The execution table inside the Metropolitan Transition Center in Baltimore as seen in 2004. (Steve Ruark/AP)

Two more Maryland senators have said they will support a bill to abolish capital punishment, giving the measure backed by Gov. Martin O’Malley (D) more than enough expected votes to clear the chamber.

Sen. John C. Astle (D-Anne Arundel) said in an interview with The Post on Monday that he plans to vote in favor of repealing Maryland’s death penalty. And Sen. Ronald N. Young (D-Frederick) also plans to vote for repeal, The Baltimore Sun reported Monday.

Repeal advocates say they are confident the measure will pass in the House of Delegates if the votes are there in the Senate, where similar legislation has stalled in recent years, with members arguing capital punishment should remain an option for some killers.

Twenty four votes are needed to pass a bill in the Senate. O’Malley’s repeal bill has 21 co-sponsors, meaning three additional votes are needed to reach a majority in the heavily Democratic chamber.

Besides Astle and Young, two other senators — James E. DeGrange Sr. (D-Anne Arundel) and Edward R. Reilly (R-Anne Arundel) — have said in interviews with The Post that they plan to join the co-sponsors in voting for the legislation. Several other members have said they are keeping open minds.

Astle said that at one time he supported capital punishment for “the most heinous crimes,” but that he became conflicted about the issue more recently.

“The idea of strapping someone down and deliberately taking their life, it was a little difficult for me,” said Astle, a twice-wounded military combat veteran. “I didn’t come to my decision easily.”

In recent years, repeal bills have remained bottled up in the Senate Judicial Proceedings Committee. But this year’s legislation was given a boost when Senate President Thomas V. Mike Miller Jr. (D-Calvert) said he would allow it be debated in the full chamber if O’Malley could show he has the votes to pass it there.

Supporters are contemplating several possible procedural moves to advance the bill to the floor sometime after a scheduled Feb. 14 committee hearing.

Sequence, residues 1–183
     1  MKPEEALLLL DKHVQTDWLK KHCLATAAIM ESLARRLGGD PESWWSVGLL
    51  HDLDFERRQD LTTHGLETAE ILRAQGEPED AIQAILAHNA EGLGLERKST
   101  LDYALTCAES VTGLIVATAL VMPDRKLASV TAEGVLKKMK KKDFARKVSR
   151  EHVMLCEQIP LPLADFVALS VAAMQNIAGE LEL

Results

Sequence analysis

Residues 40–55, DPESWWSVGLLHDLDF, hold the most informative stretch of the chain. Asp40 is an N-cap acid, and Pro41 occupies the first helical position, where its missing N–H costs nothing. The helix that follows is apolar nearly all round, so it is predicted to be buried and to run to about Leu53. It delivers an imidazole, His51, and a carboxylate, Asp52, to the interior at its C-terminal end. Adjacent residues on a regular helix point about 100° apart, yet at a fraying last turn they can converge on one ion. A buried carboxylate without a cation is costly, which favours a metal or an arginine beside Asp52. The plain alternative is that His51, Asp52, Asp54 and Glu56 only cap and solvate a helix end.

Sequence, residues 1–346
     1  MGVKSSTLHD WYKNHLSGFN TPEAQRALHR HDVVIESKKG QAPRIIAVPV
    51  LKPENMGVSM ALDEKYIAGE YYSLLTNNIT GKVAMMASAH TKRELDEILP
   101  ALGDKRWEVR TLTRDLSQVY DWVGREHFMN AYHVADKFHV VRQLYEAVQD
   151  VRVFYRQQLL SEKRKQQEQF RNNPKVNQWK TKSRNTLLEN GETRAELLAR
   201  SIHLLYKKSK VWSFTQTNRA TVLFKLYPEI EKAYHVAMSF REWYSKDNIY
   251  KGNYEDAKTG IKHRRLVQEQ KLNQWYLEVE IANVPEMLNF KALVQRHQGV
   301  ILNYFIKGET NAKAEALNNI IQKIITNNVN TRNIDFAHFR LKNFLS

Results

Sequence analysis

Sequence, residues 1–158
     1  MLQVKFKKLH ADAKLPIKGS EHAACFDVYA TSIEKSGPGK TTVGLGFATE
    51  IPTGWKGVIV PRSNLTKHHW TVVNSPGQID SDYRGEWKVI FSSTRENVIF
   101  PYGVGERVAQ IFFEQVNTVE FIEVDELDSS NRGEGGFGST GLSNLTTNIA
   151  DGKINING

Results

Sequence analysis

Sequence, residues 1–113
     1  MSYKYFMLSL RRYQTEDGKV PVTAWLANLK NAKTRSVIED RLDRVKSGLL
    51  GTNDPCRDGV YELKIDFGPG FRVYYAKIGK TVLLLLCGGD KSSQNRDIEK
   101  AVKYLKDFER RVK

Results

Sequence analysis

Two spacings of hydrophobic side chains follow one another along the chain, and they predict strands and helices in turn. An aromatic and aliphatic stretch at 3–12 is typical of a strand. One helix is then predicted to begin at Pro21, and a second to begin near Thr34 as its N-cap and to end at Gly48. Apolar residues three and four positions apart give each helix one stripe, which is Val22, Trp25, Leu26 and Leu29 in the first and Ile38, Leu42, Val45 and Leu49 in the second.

Astle, who is planning to run for re-election next year, said he wasn’t sure how his stance on capital punishment would affect his prospects.

“I’m going to be 70 years old in two months,” he said. “If I can’t say what I believe and vote the way I believe, then what good am I?”

Here is a list of the 25 senators now on record supporting O’Malley’s repeal bill.

Co-sponsors of the bill (21)

Joanne C. Benson (D-Prince George’s)

Joan Carter Conway (D-Baltimore)

Ulysses Currie (D-Prince George’s)

Bill Ferguson (D-Baltimore)

Jennie M. Forehand (D-Montgomery)

Brian E. Frosh (D-Montgomery)

Lisa A. Gladden(D-Baltimore)

Verna Jones-Rodwell (D-Baltimore)

Delores G. Kelley (D-Baltimore County)

Nancy J. King, Nancy J. (D-Montgomery)

Richard S. Madaleno Jr. (D-Montgomery)

Roger P. Manno (D-Montgomery)

Nathaniel J. McFadden (D-Baltimore)

Karen S. Montgomery (D-Montgomery)

C. Anthony Muse (D-Prince George’s)

Douglas J.J. Peters (D-Prince George’s)

Paul G. Pinsky (D-Prince George’s)

Catherine E. Pugh (D-Baltimore)

Victor R. Ramirez (D-Prince George’s)

Jamie Raskin (D-Montgomery)

Jim Rosapepe (D-Prince George’s)

Others who have said they intend to vote for the bill (4)

John C. Astle (D-Anne Arundel)

James E. DeGrange Sr. (D-Anne Arundel)

Edward R. Reilly (R-Anne Arundel)

Ronald N. Young (D-Frederick)